Monsanto's position that IGF-1 levels are not elevated contradicts the company’s own studies. In a published letter, the British researcher T. B. Mepham reminded Monsanto that in its 1993 application to the British government for permission to sell BGH, Monsanto itself reported that "the IGF-1 level went up substantially [about five times as much]." The FDA acknowledges that IGF-1 is elevated in milk from BGH-treated cows. Other proponents of BGH acknowledge that it at least doubles the amount of IGF-1 hormone in the milk. The earliest report in this literature found that IGF-1 was elevated in the milk of BGH-treated cows by a factor of 3.6.
More recent studies have demonstrated that IGF-1, in the presence of the milk protein, casein, largely survives digestion in the stomach and passes into the intestine for absorption into the bloodstream. In January, 1998, a Harvard study of 15,000 white men that was published in SCIENCE magazine reported that those with elevated, but still normal, levels of IGF-1 in their blood are 4 times as likely as average men to get prostate cancer. Furthermore, “there are highly suggestive if not persuasive lines of evidence showing that consumption of this milk increases risks of breast and colon cancer,” says Dr. Samuel Epstein, a scientist from the University of Illinois.
There is extensive evidence of animal health problems resulting from the use of BGH. Though Monsanto denies the connection as anything but a management problem, the product label itself lists more than 20 serious side-effects associated with its use. The most serious side-effect is an increased risk of mastitis; a painful udder infection. Monsanto’s own data shows a startling 79% increase in mastitis. Farmer’s resort to intensive antibiotic treatments to control these infections. Scientists have raised concerns regarding the probable development of human antibiotic resistance resulting from increased exposure to antibiotics in our food.
Other serious side-effects stated on the BGH label include increased somatic cell counts; increases in cystic ovaries and disorders of the uterus; decreases in gestational length and birth weight of calves; increased digestive disorders such as indigestion, bloat and diarrhea; increased numbers of enlarged hocks, lesions and foot disorders; increased periods of ‘off-feed’; injection site reactions and other heath problems. Furthermore, milk from BGH-treated cows is very likely to feature: more pus >from infected cows' udders; an "off " taste and shortened shelf life, because of the pus; higher fat content and lower protein content; and presence of more antibiotics. Some farmers have observed that the use of BGH shortened the life of their cows by an average of two years.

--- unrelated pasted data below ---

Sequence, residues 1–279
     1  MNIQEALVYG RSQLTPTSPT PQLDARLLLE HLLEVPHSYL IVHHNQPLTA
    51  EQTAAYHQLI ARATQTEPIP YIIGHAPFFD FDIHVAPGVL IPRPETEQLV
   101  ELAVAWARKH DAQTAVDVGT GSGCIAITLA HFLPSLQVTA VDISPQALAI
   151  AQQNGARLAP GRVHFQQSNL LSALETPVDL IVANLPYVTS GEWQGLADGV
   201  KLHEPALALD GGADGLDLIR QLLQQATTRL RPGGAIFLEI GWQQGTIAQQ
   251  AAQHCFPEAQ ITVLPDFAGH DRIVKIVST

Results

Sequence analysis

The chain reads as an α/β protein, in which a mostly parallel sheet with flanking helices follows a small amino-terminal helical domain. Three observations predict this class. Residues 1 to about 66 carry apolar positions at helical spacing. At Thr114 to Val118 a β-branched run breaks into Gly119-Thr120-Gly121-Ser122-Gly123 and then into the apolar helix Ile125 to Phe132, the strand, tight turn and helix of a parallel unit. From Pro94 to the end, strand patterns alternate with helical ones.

Examination of the review process for the safety of BGH reveals the powerful influence of multinational corporations over government departments, particularly Health Canada. In November 1994 the CBC-TV program "The 5th Estate" reported that Monsanto Canada Inc., at a meeting with representatives from Health Canada, offered a bribe of one or two million dollars for the speedy approval of BGH without any further testing. In May 1997, The Globe and Mail reported that Health Canada was a department riddled with managers easily influenced by powerful pharmaceutical corporations.
In 1994 BGH was examined by the Standing Committee on Agriculture and Agri-Food in hearings that concluded with recommendations to place a one-year moratorium on the approval of BGH to allow for further study. The Committee agreed that there were too many unknowns to approve the use of BGH in Canada at that time.
In June 1995 Monsanto threatened to pull some of their investments from Canada if the moratorium on BGH was extended. Member of Parliament, Wayne Easter, was quoted in The Globe and Mail as stating, "What they're saying is blackmail and nothing less."
Conflict of interest questions have also been raised in Canada surrounding government employees and Monsanto. The Globe and Mail reported that Dr. Leonard Ritter, while on unpaid leave from the Bureau of Veterinary Drugs, appeared before the Standing Committee on Agriculture and Agri-Food as a representative of the Canadian Animal Health Institute, an industry lobby group of manufacturers and distributors of veterinary medicines. Dr. Ritter stated that he was responsible for the program in which Health Canada had previously reviewed BGH. Ritter was accused in the House of Commons of acting as a lobbyist for BGH manufacturers.
On September 15-16, 1998, in the CD Howe Building (240 Sparks Street, 7th Floor) at 9:30 am, the Public Service Staff Relations Board will be hearing three grievances filed by six Health Canada scientists. The grievances were filed through their union, the Professional Institute of the Public Service of Canada (PIPSC).